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This question is regarding the Ho-Lee model:

$$ dr_t = \theta_tdt + \sigma dW_t $$

In discrete time, we can calibrate an interest rate binomial tree by finding $\theta$ in each period to match market price with the model price (expectations under the risk-neutral measure). However, every step I proceed to calibrate the next bond on the tree, the $\theta$ in the same period becomes smaller and smaller, because I'm using the calibrated interest rates for previous periods (not sure, please correct me if I'm wrong!).

My question is: what is the intuition/explanation of the $\theta$? Can we view it as the underlying "trend" of the interest rates since $\theta$ is the drift?

Thanks!

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    $\begingroup$ Even when you're talking about standard models everyone knows, it's helpful to include the formulae in your question. $\endgroup$ – will Sep 4 '17 at 10:31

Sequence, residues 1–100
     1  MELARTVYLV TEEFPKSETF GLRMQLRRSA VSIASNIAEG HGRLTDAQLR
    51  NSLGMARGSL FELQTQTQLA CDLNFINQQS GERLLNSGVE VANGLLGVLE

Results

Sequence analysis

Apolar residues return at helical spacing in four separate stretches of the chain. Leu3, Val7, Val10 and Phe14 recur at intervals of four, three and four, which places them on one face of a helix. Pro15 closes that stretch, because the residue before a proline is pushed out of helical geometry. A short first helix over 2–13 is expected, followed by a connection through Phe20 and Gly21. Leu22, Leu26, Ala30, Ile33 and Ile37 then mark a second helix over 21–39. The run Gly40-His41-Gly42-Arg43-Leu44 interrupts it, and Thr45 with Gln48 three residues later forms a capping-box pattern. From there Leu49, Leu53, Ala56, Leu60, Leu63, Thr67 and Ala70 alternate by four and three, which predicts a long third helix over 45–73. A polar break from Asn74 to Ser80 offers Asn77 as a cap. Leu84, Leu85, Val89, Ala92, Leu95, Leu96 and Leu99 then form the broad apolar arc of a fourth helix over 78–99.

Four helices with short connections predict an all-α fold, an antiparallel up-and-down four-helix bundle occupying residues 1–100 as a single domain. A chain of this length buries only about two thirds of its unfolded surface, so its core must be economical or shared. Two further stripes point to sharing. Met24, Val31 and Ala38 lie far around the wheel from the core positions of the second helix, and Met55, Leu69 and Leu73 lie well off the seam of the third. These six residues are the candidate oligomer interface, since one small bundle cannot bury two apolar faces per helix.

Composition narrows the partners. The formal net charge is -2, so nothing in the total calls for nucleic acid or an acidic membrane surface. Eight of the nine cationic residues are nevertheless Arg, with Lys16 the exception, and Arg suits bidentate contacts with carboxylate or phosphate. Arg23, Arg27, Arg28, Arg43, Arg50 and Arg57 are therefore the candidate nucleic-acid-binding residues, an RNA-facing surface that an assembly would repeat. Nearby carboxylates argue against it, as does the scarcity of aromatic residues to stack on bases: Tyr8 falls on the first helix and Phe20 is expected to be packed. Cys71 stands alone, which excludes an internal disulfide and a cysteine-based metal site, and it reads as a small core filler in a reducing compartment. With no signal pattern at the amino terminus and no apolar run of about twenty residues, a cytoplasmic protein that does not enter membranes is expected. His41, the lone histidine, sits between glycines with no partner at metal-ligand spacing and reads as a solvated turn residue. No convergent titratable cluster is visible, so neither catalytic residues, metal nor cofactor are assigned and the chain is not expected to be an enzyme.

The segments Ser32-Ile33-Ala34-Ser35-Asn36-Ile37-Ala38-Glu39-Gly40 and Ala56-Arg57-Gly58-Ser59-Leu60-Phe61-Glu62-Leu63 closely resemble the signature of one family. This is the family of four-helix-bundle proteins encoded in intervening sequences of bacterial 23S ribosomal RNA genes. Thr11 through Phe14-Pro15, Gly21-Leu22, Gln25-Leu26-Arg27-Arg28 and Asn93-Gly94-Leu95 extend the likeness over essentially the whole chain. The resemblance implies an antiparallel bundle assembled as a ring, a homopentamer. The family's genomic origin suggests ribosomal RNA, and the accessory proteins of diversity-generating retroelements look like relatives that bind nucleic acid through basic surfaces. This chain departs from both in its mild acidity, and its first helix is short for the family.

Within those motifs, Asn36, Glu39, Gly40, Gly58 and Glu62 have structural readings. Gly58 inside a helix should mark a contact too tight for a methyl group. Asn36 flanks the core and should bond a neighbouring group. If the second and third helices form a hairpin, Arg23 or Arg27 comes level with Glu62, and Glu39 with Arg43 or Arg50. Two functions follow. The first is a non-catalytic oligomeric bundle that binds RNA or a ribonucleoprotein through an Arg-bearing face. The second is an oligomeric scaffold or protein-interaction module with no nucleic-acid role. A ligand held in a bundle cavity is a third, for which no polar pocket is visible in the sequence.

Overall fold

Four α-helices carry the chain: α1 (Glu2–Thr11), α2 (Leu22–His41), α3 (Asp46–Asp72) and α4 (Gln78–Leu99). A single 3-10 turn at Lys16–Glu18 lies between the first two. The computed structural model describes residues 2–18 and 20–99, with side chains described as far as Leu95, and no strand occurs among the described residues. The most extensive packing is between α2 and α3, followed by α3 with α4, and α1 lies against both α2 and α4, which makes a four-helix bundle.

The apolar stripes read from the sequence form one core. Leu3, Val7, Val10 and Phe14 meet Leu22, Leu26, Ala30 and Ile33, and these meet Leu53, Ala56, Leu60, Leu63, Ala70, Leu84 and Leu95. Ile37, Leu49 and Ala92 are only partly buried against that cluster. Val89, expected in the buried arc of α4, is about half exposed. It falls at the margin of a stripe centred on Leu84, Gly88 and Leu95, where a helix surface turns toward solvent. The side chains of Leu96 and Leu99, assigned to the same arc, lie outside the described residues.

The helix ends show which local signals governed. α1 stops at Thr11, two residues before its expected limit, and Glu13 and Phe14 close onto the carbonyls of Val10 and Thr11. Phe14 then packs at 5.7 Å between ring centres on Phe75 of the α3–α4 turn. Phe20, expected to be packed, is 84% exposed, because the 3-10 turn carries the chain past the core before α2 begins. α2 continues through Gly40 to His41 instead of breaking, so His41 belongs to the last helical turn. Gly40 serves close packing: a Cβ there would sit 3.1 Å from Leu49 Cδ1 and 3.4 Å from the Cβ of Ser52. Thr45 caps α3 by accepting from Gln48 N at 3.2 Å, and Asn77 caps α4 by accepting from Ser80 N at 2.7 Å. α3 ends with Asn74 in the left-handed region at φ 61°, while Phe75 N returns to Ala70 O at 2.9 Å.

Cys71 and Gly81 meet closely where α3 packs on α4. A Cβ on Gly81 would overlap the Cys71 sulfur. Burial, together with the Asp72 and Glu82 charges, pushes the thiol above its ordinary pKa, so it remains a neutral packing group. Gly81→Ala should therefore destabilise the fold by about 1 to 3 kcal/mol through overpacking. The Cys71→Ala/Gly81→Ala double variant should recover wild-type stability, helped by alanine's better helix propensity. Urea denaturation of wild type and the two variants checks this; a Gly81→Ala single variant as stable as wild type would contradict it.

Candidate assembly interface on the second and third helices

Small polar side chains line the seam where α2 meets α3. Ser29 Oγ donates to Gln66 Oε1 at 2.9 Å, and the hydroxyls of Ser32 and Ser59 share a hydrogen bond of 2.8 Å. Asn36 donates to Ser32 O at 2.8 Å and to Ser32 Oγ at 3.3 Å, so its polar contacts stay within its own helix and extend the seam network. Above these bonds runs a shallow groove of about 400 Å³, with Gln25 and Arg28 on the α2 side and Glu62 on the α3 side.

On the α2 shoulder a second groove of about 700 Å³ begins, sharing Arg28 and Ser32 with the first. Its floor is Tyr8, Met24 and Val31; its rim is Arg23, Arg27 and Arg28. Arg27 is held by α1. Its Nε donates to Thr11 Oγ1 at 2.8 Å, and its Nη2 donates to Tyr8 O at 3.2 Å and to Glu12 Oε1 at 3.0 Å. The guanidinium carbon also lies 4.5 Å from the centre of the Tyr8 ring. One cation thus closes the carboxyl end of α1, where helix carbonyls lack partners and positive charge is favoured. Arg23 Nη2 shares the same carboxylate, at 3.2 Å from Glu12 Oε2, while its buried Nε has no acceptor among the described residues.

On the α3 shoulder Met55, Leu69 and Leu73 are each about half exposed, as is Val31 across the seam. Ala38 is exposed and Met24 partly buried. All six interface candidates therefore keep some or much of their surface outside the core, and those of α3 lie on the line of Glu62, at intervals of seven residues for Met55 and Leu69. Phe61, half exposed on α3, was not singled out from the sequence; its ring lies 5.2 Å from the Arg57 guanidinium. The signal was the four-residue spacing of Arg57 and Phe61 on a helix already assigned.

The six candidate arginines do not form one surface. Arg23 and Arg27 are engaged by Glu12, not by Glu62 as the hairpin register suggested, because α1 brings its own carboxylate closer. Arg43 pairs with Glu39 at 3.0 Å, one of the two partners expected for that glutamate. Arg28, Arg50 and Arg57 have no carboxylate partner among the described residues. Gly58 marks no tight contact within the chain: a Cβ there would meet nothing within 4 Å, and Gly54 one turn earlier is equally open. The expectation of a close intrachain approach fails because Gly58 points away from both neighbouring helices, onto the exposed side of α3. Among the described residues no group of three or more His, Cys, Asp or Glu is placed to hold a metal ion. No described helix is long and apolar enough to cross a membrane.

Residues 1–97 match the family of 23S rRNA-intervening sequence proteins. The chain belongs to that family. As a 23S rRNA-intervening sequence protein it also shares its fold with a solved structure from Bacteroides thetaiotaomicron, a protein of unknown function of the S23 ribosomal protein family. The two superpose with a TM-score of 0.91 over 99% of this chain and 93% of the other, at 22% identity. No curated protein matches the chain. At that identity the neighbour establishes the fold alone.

• $\begingroup$ You should now be able to answer your own question. Theta is the drift of the world forward rate. What are the prices you're calibrating to? Take a look at forward rate projections, and specifically what happens to dr/dt. $\endgroup$ – will Sep 5 '17 at 7:29
  • $\begingroup$ @rxxxx: See whether the answer here is helpful for you. $\endgroup$ – Gordon Sep 5 '17 at 18:49

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